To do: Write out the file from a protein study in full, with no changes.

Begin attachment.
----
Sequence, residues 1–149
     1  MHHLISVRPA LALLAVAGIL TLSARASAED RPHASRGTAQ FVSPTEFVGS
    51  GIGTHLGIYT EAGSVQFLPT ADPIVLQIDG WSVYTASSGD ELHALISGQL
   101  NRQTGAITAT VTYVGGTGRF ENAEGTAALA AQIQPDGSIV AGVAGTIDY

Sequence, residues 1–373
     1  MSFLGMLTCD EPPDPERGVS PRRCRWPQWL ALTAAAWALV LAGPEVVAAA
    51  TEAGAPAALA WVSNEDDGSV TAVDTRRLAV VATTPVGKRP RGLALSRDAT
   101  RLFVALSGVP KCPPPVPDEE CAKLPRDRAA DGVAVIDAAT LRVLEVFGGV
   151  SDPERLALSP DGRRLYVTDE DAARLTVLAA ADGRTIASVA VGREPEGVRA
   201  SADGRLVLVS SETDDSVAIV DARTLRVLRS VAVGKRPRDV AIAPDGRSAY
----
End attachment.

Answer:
Sequence, residues 1–149
     1  MHHLISVRPA LALLAVAGIL TLSARASAED RPHASRGTAQ FVSPTEFVGS
    51  GIGTHLGIYT EAGSVQFLPT ADPIVLQIDG WSVYTASSGD ELHALISGQL
   101  NRQTGAITAT VTYVGGTGRF ENAEGTAALA AQIQPDGSIV AGVAGTIDY

Sequence, residues 1–373
     1  MSFLGMLTCD EPPDPERGVS PRRCRWPQWL ALTAAAWALV LAGPEVVAAA
    51  TEAGAPAALA WVSNEDDGSV TAVDTRRLAV VATTPVGKRP RGLALSRDAT
   101  RLFVALSGVP KCPPPVPDEE CAKLPRDRAA DGVAVIDAAT LRVLEVFGGV
   151  SDPERLALSP DGRRLYVTDE DAARLTVLAA ADGRTIASVA VGREPEGVRA
   201  SADGRLVLVS SETDDSVAIV DARTLRVLRS VAVGKRPRDV AIAPDGRSAY